cousins and we sit down around the table like old times to catch up a little before heading to lunch.  The afternoon is spent remembering and talking about life and soon it is time for them to head back to their work or families and for me to head on to my next destination.   I am heading the short hour drive to Sioux Falls, SD - where I lived for ten years or so.  I am looking forward to visting more friends, reflecting and just spending time with me... to be continued...

Inside my parent's barn! I love this photo!

The old Corn Crib
Another photo Inside my parent's barn.

Even old windmills with no blades remind me of Iowa!

Monday, January 23, 2012

Trip back to Iowa -- part 1

It is October and I am planning to head back to my home state of Iowa to celebrate my parents birthdays and see my family.  I prepare for the visit like any other visit - purchase a plane ticket - rent a car - pack according to Midwestern weather- and soon I am ready to make the journey.  My flight this time is to Minneapolis, Minnesota, as it won the battle with Omaha, Kansas City and Sioux Falls for the least expensive ticket and car rental this time, so my plans are all set. On travel day with bags packed,  I am ready to head to Jackson Hartsfield International Airport.  A short cab and Marta (train) ride and I will be there rather quickly so I leave about 2 1/2 hours before my flight.  Arriving at the airport and breezing through security I get to my gate in plenty of time.   I begin to watch people of all ages and sizes hurry by as they obviously have a destination.  Some of them weighed down with a few pieces of overstuffed carry on luggage, obviously trying to save the current checked bag fee.  Others with children in arms attempting to keep them entertained, which often includes a bribe or two.  Then there are yet others with a small computer case and a cell phone attached to their ear.  All with travel plans to take them to an adventure whether it is ordinary or extra ordinary. 
My flight begins to board and soon we are departing the gate,  speeding down the runway, and finally lift off which is actually about 15 minutes early.  Once we reach the appropriate altitude,  I pull out my Ipad and begin working on some of my apps I had downloaded.  The flight seems to take no time and just as soon as we are finished with our beverage and snack it is time to land.  I have not checked any luggage as it is a short trip home and so off to the rental car counter I head.  As I scurry through the terminal I once again notice all the different people hurrying about.  The volume of people does not seem to falter as I near the tunnel that leads travelers to the rental car train.  After a short line and the regular jibber jabber at the counter,  I am in my car and driving across interstate 494 toward 35 beginning my four hour drive to mom and dads. The day could not be more perfect for the drive.  Blue sunny skies filled with white fluffy clouds.  It makes me realize what I miss about this part of the country.  All the blue skies.  It is simply breath taking, and the white puffs add an element of intrigue.  I drive along and spot a windmill, which quickly reminds me of my dad and begins my journey down memory lane.  Growing up, when my family would drive any distance, we would often start playing " The Alphabet Game".  As the car drives along, all participants start scouring signs looking for the letters of the alphabet in order.  They would proceed to yell out the letters as  they locate them on billboards and signs along the road side.  Of course the usual Q and K are harder to find but eventually one is found and the game continues until someone reaches Z.  Another popular passer of time would be: "I see something you don't see" where we would take turns describing something we could see and everyone else would try and guess what it was.  My dad's favorite thing to see would be tall and dark and blows in the wind.  (A Windmill)  I will always associate windmills with my father and playing that game.  With their use for obtaining water no longer needed,  I must say traditional windmills are harder and harder to spot.  Most people don't take the time or money to keep them operational.  There are new windmills that dot the earth in this area of the country and I see many on my drive today.  They the large white ones with three blades which generate energy from the wind that blows across the plains.  These large turbines have been increasing in numbers over the past ten years in Iowa and Minnesota.  They are not as rustic as the old windmills and I would have to give them a futuristic or artistic description. I am sure they are someone's favorite thing to describe when playing the car game mentioned above.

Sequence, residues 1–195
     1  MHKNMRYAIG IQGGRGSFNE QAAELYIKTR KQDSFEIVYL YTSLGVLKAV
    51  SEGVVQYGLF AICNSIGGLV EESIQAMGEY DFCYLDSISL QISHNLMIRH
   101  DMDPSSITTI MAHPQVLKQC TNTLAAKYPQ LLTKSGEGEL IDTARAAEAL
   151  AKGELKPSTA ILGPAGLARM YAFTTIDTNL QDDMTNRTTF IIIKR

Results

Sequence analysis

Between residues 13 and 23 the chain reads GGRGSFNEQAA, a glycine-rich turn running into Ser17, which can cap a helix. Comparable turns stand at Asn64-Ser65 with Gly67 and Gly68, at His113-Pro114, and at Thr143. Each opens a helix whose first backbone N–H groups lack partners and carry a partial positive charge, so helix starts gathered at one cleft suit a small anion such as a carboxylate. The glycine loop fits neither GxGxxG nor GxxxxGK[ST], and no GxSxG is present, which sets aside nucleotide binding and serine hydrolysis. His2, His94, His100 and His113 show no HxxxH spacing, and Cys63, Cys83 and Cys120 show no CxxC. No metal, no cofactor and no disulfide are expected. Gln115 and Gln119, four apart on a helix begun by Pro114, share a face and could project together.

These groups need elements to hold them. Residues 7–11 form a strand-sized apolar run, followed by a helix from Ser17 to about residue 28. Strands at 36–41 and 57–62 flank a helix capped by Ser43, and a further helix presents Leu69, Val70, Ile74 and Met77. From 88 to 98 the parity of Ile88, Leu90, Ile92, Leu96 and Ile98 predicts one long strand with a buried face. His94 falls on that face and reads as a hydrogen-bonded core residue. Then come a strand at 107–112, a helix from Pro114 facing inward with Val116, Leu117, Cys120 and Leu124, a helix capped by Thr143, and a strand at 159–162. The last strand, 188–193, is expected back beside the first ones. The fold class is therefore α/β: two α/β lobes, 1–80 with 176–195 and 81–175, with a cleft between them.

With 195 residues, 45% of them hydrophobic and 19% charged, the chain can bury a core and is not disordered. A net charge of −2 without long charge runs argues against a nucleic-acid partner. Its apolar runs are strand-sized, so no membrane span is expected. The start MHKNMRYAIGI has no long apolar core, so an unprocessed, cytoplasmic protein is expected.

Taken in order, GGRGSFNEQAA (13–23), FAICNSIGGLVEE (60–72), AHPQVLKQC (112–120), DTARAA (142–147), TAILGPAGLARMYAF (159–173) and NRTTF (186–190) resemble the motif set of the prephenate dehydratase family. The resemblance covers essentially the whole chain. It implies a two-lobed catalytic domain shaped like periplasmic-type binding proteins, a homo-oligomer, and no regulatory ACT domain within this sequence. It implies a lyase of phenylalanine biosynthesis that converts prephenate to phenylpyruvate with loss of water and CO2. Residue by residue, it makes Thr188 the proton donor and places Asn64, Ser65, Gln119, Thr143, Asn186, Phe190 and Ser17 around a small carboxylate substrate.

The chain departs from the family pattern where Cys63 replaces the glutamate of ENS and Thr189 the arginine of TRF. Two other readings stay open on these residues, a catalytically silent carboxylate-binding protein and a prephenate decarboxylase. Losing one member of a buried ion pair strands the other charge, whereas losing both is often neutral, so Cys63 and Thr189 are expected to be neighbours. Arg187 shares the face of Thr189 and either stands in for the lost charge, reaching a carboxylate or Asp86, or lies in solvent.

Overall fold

After about 2 1/2 hours of driving I see some blinking lights in the distance so I slow down. There is flag man directing traffic and I have to wait for a minute.   It is obvious that there has been an accident on the curve ahead as several cars and people have gathered in the area.  Finally my turn comes and as I drive by I see a truck overturned in the ditch.  I begin to think how your day can change in the blink of an eye.  We often rush through our day, never hesitating to think about those small details which if we miscalculate a little could change the rest of our day or even lives.  This trucker obviously was taking the curve a little too fast for the load he was carrying and rolled the truck.  I drive by slowly as people are scampering about to get things back to normal.